Calf rearing on a dairy farm is one of the most important daily tasks on the farm. Customarily, calves tend to be reared individually in pens and hutches or small calf houses. This system has been historically successful for a couple of different reasons. The first is that it provides time for individual observations for each calf, as well as minimizing the risk of cross contamination between calves, especially in cases when you have an ill calf. It is, however, one of the most labor intensive tasks on the farm.

There are two more recent trends in calf rearing that are now gaining steam. Depending on your personal preference, either may appeal to you. Both have shown positive results in the health and growth of calves, which should pay dividends down the road when these cows come into production. We took a look at both methods and break them down for you here.

We visited with Eric Clifford and Charlene Phelps at the Clifford Farm in Starksboro, Vermont, where we examined the first method on our list: Gang or Batch Feeding. The Clifford farm is a closed farm and herd which prides itself on raising all its own replacement stock. Run by 8th generation farmer, Eric Clifford, the farm manages 235 head producing approximately 28,000 pounds of milk per cow. Managing Eric’s calf program is Charlene Phelps. Charlene has been raising Eric’s calves for 35 years. She and her twin granddaughters, Alison and Haley—who’ve been helping with the calves every summer since they were old enough—handle all the feedings and calf care.


The Clifford Farm converted to batch/gang feeding approximately two years ago. They use a non-automated feeding system that Charlene as perfected over the last two years. Charlene feeds her calves by using a steel, 50-gallon drum lined with heavy duty plastic, which Charlene meticulously keeps clean. The drum is rigged with an external heater that keeps it from freezing in the winter, and an aquarian air bubbler to keep the milk from settling or clumping. Clifford Farm uses Pinnacle Milk Replacer by Phoenix Feeds & Nutrition, which they decided upon after experimenting with several different formulas. When Charlene and Eric first started batch feeding, they used an acidified milk replacer, but they noticed it irritated the calves’ throats, resulting in coughing. They then switched to Pinnacle and have had no health issues at all since switching.

Gang Feeding is a method of calf feeding that keeps the calves together in cohort groups, mainly grouped according to age. These groups are allowed to socialize within a few days of being born and moved to the calf barn from individual pens. Being allowed to socialize at this early age allows the animals to learn social and herd dynamics right from the start, something missing from traditional calf feeding. This is a vastly important behavior that is lost when calves are not raised in groups, and has to be learned much later when calves are brought back together after being weaned. By allowing the animals to socialize at the start, they learn the social skills they need for later herd integration.

This early interaction also provides opportunity for early competition between individuals. Gang feeding allows for the animals to compete for nipples at the feeding station. Even though there’s a nipple for each animal, they still bump and shove for the preferred nipples. This competition and early socializing seems to promote healthier and heartier calves.

gangfeed-2Eric says the method has worked very well for them. It’s initially a larger investment in their calves, but this calf program actually lowers the costs of their heifers down the road. By growing bigger and more robust calves, the animals have more feed capacity as heifers. This translates into a more desired growth rate from a high forage diet at a lower cost.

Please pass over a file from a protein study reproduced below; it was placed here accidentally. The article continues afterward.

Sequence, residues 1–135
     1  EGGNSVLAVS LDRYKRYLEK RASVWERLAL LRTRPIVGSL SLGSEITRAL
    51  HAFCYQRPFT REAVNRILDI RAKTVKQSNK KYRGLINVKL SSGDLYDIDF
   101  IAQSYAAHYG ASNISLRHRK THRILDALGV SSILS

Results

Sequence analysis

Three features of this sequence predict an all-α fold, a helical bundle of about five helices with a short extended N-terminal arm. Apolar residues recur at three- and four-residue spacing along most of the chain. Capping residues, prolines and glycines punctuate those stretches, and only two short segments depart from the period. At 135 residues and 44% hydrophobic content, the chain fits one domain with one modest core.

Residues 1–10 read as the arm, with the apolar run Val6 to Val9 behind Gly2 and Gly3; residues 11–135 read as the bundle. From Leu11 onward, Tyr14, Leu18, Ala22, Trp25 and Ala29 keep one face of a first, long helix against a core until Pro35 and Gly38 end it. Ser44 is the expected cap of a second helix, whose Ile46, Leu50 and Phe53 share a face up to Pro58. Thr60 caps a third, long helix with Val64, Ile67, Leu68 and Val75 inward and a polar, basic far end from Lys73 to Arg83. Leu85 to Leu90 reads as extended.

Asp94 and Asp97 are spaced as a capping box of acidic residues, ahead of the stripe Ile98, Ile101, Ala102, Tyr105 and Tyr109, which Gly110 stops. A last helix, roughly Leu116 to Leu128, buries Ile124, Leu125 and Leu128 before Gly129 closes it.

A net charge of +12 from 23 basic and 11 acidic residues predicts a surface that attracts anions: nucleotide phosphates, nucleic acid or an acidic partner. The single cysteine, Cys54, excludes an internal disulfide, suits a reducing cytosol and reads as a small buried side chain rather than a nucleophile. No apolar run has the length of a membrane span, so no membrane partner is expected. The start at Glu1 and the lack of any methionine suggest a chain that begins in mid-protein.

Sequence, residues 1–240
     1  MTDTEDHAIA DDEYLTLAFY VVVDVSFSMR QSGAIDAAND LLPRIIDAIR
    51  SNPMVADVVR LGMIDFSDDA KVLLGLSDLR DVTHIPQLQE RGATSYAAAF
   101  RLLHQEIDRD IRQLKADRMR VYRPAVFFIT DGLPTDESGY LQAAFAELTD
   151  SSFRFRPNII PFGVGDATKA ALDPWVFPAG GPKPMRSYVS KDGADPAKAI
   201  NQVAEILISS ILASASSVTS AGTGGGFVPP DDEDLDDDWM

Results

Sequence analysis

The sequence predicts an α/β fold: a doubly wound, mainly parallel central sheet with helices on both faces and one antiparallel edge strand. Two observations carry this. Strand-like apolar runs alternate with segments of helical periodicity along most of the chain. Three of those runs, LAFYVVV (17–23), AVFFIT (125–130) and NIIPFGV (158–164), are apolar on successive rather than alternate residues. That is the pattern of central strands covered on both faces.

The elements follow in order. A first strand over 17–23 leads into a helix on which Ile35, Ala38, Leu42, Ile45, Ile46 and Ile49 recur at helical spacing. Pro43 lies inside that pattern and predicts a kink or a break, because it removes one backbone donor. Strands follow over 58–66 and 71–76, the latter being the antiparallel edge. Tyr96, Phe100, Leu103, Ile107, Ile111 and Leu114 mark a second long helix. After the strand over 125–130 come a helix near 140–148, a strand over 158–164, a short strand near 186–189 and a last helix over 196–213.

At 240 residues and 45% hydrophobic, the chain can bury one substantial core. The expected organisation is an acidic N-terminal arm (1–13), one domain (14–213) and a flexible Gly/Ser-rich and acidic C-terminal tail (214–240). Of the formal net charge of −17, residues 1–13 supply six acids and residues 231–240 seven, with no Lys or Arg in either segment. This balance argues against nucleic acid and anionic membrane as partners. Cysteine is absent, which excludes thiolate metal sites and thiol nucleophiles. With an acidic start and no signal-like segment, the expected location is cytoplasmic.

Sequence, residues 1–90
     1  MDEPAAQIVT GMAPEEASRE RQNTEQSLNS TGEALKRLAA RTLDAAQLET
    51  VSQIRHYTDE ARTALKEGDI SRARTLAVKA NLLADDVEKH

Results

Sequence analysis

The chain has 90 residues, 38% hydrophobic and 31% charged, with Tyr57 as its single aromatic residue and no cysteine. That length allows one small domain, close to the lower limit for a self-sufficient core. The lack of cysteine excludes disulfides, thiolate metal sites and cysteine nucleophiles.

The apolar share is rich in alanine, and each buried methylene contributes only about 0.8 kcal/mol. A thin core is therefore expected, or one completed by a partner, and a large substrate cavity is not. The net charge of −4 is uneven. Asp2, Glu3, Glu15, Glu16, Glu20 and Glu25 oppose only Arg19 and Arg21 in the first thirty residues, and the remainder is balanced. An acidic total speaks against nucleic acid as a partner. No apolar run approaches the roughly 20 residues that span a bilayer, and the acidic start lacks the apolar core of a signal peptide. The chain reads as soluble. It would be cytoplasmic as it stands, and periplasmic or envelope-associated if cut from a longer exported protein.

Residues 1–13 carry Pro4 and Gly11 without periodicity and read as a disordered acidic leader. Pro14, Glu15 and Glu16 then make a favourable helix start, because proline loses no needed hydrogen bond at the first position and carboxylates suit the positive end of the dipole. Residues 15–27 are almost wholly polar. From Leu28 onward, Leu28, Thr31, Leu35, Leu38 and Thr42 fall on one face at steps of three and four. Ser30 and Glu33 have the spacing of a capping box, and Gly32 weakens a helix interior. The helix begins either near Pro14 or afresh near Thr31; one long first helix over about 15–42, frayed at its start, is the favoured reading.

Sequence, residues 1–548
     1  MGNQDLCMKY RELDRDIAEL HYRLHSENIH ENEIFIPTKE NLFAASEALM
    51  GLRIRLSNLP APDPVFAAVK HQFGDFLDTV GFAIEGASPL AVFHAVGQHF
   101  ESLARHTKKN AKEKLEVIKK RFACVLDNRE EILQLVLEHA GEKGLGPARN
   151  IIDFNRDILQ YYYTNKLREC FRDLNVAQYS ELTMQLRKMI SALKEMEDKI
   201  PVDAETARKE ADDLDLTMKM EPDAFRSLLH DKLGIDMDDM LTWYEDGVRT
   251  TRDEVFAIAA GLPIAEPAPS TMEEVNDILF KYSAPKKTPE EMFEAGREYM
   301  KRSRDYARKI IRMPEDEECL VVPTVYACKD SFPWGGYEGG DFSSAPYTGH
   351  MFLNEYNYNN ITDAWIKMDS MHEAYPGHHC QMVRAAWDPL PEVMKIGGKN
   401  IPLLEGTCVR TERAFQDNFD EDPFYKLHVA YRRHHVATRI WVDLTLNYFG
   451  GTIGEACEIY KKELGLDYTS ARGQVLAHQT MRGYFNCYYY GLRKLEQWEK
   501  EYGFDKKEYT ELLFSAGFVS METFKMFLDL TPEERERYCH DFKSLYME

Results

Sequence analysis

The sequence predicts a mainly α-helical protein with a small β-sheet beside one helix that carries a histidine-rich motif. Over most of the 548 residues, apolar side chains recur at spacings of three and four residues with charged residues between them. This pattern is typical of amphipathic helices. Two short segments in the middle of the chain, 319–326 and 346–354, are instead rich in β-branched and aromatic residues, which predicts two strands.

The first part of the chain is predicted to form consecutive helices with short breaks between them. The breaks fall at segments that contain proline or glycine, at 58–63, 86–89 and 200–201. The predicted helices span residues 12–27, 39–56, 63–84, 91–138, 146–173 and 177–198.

Charlene also starts the calves with unlimited access to grain and hay right off the bat. Not only does this help the calves transition smoothly from milk replacer on to solids, but it also helps with keeping the calves from suckling on each other. The access to roughage keeps their mouths busy and the calves from getting bored, again translating into healthier animals.

The second method we’re highlighting is automated or robotic calf feeding. For our next stop, we visited Bret Danyow at his farm in Ferrisburgh, Vermont, and spoke with him about his automated calf feeding system. Bret switched to robotic feeders about the same time that the Clifford Farm switched over to batch feeding, just about two years ago. Bret is—for the most part—usually, happy with the results. Like anything new, the system had some kinks to work out, but most days the system is operating the way it’s supposed to, which makes caring for the calves much more streamlined.

Robot feeders are making calf rearing easier and less labor intensive on some farms. Non-automated systems require intensive management and observation. In non-automated calf rearing programs, individual intake can be difficult to monitor and record. With robotic feeders, each individual calf’s intake is monitored, which makes spotting much easier, and allows farmers to catch any struggling individuals much faster. Automated systems can also be managed by fewer individuals logging significantly fewer hours.

On the Danyow Farm, calves are all ear tagged with chips that are “recognized” by the robotic feeders, which then log the number of times that a calf feeds, how long they feed for, and how much they consume during their feeding. This can also be adjusted to make sure an animal isn’t eating too much, or is being fed the appropriate formula. All of this data is recorded and easily accessible by the farmhand checking on the calves.

By monitoring feeding speed and time, a farmer can determine if a calf is having respiratory difficulties or if one might be struggling for other reasons. Detailed analytic reports can be generated per individual calf based on the data accumulated—which can be significant given the software used and whether it is programmed effectively. All of this can be done for each individual animal while still being a significant reduction in labor and time required. Widely published research shows that calves do bettergrowing taller, heavier, healthier, and faster when they consume more milk than by traditional calf rearing.